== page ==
University of Cambridge > > Computer Laboratory Security Group meeting presentations > The human factor in software updates

The human factor in software updates

Add to your list(s) Download to your calendar using vCal

If you have a question about this talk, please contact Alastair Beresford.

Installing security-relevant software updates is one of the best protection mechanisms available for both end users and security administrators. In the last year alone 99.9% of vulnerabilities were exploited over a year after they were publicly announced, meaning that in most cases people could have avoided compromise if they had installed existing updates. Unfortunately, people avoid installing updates for quite a few reasons. To better understand these reasons, my team elicited software update stories from 307 users and conducted a manual content analysis of the story content. In this talk I will present the general ecosystem around software updates as well as what the barriers are to getting updates installed quickly.


Kami Vaniea is a Lecturer at the University of Edinburgh. Her work is in the area of human factors of security and privacy. She is interested in making security and privacy technologies more accessible for people who have limited prior experience with security. Her current projects include barriers to software update installation, making safe online choices, and helping app designers build security into their apps. Her research looks at how to assist users in making informed security and privacy choices by providing relevant feedback about their choices and options.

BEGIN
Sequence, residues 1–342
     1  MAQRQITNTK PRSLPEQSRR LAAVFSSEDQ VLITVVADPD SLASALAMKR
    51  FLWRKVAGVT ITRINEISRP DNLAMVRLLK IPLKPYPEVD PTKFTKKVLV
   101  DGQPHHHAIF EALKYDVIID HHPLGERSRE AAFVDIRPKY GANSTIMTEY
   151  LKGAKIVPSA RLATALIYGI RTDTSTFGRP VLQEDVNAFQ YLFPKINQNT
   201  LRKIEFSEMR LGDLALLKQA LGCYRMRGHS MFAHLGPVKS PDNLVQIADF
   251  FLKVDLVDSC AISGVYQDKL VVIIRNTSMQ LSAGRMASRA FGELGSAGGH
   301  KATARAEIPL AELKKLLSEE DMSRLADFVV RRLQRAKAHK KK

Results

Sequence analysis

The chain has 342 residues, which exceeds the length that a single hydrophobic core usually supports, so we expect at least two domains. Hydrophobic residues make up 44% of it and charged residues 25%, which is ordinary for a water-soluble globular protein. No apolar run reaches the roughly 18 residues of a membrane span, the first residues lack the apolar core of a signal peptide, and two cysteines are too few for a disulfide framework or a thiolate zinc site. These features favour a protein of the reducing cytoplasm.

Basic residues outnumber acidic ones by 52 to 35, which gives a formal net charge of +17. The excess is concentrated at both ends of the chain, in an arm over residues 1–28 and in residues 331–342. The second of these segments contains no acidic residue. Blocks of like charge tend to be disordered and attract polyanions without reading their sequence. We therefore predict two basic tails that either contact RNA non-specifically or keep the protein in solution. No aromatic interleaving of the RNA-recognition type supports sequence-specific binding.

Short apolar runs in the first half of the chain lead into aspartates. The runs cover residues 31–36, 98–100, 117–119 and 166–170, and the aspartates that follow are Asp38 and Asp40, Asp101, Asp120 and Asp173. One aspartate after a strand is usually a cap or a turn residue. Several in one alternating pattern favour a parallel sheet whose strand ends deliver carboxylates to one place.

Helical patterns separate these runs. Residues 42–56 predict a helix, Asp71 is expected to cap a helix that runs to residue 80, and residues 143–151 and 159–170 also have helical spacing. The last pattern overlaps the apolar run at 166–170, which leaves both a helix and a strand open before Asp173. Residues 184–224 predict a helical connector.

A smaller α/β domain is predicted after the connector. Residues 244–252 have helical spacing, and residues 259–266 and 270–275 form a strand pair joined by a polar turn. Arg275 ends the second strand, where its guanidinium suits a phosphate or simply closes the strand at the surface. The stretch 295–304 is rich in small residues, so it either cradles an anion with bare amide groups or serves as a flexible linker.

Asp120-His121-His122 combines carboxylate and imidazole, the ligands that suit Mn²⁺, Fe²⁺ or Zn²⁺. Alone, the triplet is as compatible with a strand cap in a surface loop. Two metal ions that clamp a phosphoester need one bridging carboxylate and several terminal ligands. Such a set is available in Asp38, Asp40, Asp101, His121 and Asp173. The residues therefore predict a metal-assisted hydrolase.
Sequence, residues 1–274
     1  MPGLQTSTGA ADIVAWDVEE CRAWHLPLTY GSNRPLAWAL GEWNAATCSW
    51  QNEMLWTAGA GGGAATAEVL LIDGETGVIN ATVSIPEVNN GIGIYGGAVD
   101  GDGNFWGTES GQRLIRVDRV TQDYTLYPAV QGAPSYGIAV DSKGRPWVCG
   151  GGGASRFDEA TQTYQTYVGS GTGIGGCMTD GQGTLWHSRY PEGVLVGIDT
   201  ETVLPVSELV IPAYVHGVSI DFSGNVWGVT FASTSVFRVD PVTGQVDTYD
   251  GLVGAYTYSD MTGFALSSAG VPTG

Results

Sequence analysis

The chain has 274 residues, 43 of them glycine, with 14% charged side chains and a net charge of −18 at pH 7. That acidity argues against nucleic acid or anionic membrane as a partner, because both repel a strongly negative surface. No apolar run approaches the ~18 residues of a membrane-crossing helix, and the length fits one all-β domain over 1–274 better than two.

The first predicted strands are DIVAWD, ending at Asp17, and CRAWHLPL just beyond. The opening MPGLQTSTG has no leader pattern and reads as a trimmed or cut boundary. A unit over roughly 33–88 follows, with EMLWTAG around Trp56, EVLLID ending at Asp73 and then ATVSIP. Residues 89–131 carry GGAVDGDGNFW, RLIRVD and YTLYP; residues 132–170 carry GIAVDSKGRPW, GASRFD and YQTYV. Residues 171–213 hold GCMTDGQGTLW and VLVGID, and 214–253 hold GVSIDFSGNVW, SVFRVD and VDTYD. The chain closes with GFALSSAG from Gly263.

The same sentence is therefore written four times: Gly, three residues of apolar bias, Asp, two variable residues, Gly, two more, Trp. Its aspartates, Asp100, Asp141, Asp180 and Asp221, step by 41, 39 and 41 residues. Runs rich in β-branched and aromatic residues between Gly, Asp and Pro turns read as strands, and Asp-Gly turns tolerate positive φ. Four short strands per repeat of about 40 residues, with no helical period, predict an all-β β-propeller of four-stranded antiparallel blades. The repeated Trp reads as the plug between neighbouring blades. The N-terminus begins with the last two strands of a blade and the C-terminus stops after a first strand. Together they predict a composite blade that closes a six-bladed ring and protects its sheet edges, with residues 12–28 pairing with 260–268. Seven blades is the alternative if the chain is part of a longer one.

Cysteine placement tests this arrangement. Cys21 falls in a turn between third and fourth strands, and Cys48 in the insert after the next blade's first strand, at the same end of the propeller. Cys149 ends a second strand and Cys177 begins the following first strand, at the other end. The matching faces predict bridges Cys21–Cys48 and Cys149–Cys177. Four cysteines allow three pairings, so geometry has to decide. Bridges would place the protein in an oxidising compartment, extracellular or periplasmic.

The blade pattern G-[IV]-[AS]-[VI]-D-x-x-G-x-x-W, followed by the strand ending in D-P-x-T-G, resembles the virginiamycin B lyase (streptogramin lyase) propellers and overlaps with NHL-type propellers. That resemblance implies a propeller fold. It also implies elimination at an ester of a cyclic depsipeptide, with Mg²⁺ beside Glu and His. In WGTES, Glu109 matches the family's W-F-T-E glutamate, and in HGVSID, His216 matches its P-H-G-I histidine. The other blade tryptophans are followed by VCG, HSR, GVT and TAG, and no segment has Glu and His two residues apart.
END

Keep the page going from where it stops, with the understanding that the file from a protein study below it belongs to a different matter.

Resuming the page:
This talk is part of the Computer Laboratory Security Group meeting presentations series.

Tell a friend about this talk:

This talk is included in these lists:

Note that ex-directory lists are not shown.


© 2006-2022, University of Cambridge. Contact Us | Help and Documentation | Privacy and Publicity